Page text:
Eliechish, his brothers called him. Elie the dreamer. He does not deny it; he is a dreamer. Today he is 71 years old and still dreaming. One of Elie Borowski’s dreams is 20 years old. Whether it will ever be realized is still an open question.
He tries to suppress his anger and frustration, but it spills out all over. “Please, Elie, don’t say it,” his wife pleads. He cannot be stopped; he is a compulsive talker anyway. He has given so much; why shouldn’t others be willing to do even a tiny fraction of what he has done?
Elie Borowski is one of the last—perhaps the last—of the great scholar-dealer-collectors of Near Eastern antiquities. He has a doctor’s degree from the University of Geneva. He has published a fistful of arcane articles in learned journals. He has shaped collections for a dozen museums and private collectors. But above all, he has created his own collection—the crème de la crème, as he calls it, the finest and the rarest.
At his palatial home in Toronto, we were looking at his vast collection of ancient seals, in many ways the core of his collection. “Do you have any cylinder seal pins that hung on bracelets or necklaces?” I asked. “Don’t ask what I have,” he thundered. “Ask what I don’t have. Ask the Metropolitan what they have.” No one ever accused Elie Borowski of undue modesty.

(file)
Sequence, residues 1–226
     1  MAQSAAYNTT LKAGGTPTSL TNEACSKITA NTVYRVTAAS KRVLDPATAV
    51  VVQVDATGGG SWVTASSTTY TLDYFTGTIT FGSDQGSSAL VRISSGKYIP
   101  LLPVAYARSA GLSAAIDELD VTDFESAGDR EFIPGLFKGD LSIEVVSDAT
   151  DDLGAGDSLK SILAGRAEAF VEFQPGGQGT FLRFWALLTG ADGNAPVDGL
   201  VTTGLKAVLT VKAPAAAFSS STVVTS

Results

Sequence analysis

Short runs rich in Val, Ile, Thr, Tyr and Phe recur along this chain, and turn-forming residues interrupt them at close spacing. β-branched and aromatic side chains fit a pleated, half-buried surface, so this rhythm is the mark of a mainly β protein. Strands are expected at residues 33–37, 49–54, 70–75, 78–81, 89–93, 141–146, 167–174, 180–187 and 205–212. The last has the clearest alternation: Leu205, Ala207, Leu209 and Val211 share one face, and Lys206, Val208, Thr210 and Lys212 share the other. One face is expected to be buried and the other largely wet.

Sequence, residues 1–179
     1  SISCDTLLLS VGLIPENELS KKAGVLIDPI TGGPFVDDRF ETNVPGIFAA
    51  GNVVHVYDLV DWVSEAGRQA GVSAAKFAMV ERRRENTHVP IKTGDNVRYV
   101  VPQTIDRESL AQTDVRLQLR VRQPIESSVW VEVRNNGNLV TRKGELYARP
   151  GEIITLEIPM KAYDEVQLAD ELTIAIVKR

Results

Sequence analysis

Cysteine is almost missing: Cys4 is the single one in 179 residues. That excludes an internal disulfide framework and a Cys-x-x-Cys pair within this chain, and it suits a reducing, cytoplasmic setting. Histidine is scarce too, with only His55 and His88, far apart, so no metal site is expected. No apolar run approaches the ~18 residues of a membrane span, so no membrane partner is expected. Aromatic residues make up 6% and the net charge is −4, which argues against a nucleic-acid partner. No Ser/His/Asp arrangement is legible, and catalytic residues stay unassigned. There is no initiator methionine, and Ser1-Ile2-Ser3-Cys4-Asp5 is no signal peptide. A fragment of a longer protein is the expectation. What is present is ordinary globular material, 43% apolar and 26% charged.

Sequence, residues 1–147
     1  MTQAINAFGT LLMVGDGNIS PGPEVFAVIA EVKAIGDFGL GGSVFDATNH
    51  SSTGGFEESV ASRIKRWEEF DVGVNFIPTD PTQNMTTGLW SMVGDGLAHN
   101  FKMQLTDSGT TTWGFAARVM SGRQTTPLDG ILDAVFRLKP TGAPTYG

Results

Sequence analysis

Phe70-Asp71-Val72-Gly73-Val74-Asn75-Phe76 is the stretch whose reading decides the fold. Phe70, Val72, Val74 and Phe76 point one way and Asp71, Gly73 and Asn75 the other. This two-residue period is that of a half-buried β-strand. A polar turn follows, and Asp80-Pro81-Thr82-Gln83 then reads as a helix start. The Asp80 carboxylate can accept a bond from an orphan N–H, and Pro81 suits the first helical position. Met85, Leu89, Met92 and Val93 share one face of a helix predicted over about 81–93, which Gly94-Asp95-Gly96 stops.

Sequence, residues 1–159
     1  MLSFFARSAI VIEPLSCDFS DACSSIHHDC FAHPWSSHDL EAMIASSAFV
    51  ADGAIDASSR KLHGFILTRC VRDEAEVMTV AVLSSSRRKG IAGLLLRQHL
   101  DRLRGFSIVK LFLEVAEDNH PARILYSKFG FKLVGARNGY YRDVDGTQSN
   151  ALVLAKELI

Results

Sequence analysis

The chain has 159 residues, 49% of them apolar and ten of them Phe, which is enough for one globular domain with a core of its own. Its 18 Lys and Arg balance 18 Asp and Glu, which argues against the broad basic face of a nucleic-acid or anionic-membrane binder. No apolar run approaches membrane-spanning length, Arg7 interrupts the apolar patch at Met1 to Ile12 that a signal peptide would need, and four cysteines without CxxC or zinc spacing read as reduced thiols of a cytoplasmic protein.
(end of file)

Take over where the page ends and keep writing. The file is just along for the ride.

He has something to be immodest about, major scholars agree. His collection of Achaemenian glyptics surpasses the National Museum’s in Teheran. It may even surpass that of the Hermitage in Leningrad. His Anatolian inscriptions are more varied than those in the Aleppo museum in Syria, which themselves surpass those in the Ankara museum in Turkey in this respect. Borowski has important Sumerian, Assyrian, Babylonian, Phoenician, Elamite, Hittite, Hurrian, Mittanian, Egyptian, Etruscan, Greek, Roman and Byzantine pieces. Gorgeous original frescoes from Pompeii grace the walls of his living room. A stele from the child sacrifice cemetery at ancient Carthagea stands beside his indoor swimming pool. An 020important unpublished cuneiform tablet from Ebla lies in a drawer.
In the stilted prose of an official report, Dr. Wilfred G. Lambert, professor of Assyriology at the University of Birmingham, England, who made an independent study of the collection, concluded that “The Borowski Collection has more in quantity and of distinction than the national and other museums of certain Western countries which take an interest in Near Eastern antiquities and have full-time scholars professionally concerned with them.”
Borowski’s collection has a special relation to the Bible. That’s part of the dream. Ever since he started collecting, Borowski has concentrated on pieces that illuminate the Bible, that bring into dramatic relief the lands and cultures neighboring Israel, the area he calls the lands of the Bible. Although other collections may be stronger in a particular Biblical culture or civilization, his, says Borowski, is the most comprehensive collection of artifacts in the world relating to the lands of the Bible as a whole.